Primary Cerebral Lymphoma (Central Nervous System)
Causes and risk factors
The disease peaks between the ages of 60 and 70, but it can affect people of any age. It occurs more often in men. It affects about 0.5 out of 100,000 people and 9% of HIV-positive people. There has been an increase in incidence over time, so much so that this tumor may become the most common brain tumor in the coming years.
Causes are not known. Immunosuppression of viral (HIV), iatrogenic, or congenital origin has been associated with the emergence of primary brain lymphomas. It can occur as a second neoplasm after chemotherapy treatment. However, most patients do not suffer from immunodeficiency. It is not a hereditary disease, but in some families there may be a predisposition to this and other lymphoproliferative diseases.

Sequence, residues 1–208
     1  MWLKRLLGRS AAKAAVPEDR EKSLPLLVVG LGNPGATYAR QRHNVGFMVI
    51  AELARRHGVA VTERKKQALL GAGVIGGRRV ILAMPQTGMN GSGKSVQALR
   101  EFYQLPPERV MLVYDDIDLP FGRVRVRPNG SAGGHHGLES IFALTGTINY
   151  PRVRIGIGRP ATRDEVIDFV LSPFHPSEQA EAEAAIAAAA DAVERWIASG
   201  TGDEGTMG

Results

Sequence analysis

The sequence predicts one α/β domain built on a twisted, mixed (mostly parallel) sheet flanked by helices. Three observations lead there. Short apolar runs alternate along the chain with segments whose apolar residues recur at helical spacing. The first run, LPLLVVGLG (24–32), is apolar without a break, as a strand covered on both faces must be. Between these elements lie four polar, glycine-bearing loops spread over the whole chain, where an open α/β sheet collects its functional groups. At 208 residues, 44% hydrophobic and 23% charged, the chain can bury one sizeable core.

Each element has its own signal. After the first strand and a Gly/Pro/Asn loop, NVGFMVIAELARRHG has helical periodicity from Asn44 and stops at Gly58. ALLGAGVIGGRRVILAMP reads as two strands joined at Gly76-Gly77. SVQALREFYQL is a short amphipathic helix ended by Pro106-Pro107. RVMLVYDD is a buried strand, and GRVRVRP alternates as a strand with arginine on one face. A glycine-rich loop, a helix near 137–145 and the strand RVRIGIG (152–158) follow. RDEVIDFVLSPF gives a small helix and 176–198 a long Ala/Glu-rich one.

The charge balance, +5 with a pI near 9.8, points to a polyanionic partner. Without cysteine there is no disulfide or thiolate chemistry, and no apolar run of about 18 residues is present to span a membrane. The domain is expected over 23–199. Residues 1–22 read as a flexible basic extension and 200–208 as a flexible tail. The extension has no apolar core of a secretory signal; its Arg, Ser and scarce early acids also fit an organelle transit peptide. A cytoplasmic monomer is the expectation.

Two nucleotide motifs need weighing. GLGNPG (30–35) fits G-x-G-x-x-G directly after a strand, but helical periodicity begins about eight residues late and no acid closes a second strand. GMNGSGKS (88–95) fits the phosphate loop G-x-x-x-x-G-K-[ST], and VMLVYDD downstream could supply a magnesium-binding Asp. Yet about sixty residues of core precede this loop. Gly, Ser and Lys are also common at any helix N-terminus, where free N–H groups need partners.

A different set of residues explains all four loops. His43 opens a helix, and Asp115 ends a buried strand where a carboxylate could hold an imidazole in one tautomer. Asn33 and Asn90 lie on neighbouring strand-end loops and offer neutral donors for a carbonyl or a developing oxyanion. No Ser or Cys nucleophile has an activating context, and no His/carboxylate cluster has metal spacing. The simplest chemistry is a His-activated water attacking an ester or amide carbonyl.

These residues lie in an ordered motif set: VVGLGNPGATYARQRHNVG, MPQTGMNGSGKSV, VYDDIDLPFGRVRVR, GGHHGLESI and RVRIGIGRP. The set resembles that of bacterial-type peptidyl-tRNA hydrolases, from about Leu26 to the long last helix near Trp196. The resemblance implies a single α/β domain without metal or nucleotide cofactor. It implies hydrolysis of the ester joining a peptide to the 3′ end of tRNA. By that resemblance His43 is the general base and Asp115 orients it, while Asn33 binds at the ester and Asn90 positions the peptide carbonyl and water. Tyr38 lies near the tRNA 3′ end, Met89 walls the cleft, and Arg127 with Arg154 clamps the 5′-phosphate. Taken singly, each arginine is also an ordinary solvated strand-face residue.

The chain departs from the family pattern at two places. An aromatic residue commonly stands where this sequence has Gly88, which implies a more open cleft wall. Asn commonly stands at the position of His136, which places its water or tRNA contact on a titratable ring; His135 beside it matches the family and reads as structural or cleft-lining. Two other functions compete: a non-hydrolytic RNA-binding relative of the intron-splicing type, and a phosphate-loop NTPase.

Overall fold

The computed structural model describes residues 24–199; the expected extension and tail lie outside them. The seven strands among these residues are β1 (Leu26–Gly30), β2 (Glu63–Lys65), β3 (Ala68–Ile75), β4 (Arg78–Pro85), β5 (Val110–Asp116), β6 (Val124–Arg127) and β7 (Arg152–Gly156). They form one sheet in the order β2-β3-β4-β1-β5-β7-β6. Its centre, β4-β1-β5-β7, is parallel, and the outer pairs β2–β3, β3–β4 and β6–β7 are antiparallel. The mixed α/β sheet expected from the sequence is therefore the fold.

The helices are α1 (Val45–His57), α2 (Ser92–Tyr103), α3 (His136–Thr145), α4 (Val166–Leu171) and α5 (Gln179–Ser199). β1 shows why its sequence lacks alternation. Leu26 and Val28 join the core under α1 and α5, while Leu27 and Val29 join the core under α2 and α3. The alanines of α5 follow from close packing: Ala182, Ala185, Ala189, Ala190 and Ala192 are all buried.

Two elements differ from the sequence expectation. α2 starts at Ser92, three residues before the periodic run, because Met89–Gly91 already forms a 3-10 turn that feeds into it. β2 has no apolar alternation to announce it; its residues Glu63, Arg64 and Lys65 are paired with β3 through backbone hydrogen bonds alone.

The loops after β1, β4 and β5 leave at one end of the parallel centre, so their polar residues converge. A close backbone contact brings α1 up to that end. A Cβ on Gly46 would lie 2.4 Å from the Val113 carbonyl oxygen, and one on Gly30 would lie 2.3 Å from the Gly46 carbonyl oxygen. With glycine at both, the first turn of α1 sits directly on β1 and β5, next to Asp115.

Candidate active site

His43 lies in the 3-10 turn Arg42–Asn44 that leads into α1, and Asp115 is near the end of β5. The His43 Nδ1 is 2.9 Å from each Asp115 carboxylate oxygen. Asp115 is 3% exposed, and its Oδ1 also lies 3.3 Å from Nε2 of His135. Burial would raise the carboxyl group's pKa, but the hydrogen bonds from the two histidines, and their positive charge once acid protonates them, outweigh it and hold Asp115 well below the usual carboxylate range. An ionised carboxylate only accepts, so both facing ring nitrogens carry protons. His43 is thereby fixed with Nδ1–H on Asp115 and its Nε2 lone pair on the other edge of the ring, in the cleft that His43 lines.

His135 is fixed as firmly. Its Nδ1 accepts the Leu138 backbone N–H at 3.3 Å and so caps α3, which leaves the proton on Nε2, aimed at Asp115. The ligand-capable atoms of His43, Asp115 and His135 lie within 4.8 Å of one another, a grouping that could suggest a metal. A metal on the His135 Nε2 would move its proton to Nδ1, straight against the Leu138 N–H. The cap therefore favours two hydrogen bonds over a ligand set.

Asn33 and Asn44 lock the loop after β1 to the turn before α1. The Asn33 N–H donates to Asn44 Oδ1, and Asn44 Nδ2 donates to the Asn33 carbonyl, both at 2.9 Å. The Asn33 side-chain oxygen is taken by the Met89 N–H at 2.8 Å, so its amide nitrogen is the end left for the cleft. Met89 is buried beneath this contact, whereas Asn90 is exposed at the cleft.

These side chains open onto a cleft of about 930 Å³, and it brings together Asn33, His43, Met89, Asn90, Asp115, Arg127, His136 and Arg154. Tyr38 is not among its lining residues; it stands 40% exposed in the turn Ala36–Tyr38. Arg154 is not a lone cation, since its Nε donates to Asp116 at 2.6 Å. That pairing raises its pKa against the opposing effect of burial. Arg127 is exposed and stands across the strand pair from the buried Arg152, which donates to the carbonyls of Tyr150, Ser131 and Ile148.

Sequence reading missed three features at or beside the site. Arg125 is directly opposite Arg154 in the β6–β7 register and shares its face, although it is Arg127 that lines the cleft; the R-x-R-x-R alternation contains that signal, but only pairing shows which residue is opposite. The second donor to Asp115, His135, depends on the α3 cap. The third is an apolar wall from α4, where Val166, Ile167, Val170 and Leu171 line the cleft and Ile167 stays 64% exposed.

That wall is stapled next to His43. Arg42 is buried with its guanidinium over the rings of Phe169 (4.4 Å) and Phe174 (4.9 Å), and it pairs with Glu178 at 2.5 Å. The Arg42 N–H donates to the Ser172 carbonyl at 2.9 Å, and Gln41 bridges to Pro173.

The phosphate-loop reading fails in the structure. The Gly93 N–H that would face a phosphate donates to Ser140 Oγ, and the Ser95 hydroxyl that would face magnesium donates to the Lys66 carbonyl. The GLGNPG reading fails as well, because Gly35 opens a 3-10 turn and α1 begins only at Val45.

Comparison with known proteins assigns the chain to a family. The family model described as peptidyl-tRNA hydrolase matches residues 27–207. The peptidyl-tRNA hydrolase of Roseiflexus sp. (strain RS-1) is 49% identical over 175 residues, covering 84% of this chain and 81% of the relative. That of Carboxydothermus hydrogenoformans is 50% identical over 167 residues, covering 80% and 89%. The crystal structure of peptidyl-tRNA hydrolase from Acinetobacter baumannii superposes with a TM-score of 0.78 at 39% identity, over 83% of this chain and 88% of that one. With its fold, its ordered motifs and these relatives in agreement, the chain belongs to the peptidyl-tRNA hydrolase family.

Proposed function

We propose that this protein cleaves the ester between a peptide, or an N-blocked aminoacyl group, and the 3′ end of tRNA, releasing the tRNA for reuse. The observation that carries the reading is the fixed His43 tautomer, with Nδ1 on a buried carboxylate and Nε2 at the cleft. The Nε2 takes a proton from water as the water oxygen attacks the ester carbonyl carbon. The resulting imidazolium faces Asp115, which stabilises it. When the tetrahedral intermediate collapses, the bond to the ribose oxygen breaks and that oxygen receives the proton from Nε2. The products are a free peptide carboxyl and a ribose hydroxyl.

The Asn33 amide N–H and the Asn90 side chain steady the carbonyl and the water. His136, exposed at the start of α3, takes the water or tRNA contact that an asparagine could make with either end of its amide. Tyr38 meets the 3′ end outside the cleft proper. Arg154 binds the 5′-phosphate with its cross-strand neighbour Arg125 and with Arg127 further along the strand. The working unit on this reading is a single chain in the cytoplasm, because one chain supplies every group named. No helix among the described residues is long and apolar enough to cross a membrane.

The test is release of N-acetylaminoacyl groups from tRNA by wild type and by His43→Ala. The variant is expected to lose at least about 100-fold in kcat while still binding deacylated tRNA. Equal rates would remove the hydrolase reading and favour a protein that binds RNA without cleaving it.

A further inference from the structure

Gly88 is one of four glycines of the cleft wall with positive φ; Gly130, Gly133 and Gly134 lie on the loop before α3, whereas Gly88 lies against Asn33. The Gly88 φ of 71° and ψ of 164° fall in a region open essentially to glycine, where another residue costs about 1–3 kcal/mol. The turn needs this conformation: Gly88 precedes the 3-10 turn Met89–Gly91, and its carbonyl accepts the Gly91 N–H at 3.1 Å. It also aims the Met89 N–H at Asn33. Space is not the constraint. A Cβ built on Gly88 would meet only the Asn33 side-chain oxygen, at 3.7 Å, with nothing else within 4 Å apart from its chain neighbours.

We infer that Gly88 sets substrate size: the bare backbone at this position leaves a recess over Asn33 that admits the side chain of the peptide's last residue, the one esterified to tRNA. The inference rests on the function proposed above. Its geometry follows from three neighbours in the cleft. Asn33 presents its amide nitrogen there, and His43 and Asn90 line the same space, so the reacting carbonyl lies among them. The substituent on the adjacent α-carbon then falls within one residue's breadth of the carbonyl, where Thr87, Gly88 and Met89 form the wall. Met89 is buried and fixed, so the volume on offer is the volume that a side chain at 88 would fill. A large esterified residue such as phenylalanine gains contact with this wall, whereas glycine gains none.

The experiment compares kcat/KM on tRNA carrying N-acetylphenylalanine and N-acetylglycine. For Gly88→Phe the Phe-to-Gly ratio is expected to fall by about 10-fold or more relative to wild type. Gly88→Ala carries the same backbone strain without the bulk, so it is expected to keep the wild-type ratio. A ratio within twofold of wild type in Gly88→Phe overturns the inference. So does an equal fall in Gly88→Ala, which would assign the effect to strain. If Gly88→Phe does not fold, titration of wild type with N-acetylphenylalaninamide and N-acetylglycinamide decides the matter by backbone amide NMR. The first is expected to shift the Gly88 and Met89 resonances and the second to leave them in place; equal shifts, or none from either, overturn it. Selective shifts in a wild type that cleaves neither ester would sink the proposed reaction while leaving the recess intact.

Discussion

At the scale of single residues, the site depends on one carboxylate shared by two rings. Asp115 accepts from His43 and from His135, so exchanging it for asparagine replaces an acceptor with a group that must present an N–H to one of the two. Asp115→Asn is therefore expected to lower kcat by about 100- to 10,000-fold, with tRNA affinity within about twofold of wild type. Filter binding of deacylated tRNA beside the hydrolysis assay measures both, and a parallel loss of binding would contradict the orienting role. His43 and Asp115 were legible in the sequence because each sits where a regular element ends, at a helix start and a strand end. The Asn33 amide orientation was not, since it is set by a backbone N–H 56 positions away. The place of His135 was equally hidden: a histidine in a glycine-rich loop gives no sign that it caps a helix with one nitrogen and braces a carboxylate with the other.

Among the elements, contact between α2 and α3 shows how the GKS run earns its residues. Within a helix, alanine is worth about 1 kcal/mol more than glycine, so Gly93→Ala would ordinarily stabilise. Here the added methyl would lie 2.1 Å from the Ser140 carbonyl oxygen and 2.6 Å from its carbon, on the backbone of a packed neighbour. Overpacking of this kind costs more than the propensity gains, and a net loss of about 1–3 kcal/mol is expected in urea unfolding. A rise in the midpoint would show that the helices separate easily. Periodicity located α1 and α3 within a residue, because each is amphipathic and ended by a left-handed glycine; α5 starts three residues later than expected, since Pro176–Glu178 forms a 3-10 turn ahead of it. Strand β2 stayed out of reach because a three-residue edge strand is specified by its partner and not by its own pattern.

Which are the symptoms?
Symptoms are associated with the presence of intracranial formation and are therefore nonspecific:
- nausea and vomiting
- convulsions (epileptic seizures)
- personality change
- eye symptoms
- speech difficulties (aphasia)
- difficulty moving parts of the body (hemiparesis, cranial nerve palsy)
- motor incoordination (ataxia)
How is it diagnosed?
The diagnosis is made after appropriate instrumental and laboratory tests, such as:
- Magnetic resonance imaging with contrast media
- Examination of cerebrospinal fluid
- Biopsy of suspected brain lesion
The diagnostic procedure is then completed with staged examinations:
- Eye examinations
- Computed tomography of the chest and abdomen
- Testicular ultrasound (for male patients)
- Bone marrow biopsy and bone marrow aspirate
How is it treated?
Treatment usually consists of cycles of high-dose chemotherapy followed by radiotherapy of the brain. Elderly patients can also be treated with radiotherapy or chemotherapy alone. In well-selected cases, a bone marrow transplant procedure may be performed after chemotherapy.